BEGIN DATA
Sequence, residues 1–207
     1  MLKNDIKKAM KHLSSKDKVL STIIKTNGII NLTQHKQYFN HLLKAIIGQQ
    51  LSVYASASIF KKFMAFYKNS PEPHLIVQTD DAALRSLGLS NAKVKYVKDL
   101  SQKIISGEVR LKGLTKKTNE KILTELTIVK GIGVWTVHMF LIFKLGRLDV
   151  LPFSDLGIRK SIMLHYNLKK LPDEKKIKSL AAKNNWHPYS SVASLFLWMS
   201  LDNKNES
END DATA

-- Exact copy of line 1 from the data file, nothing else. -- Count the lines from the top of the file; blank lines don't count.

Sequence, residues 1–207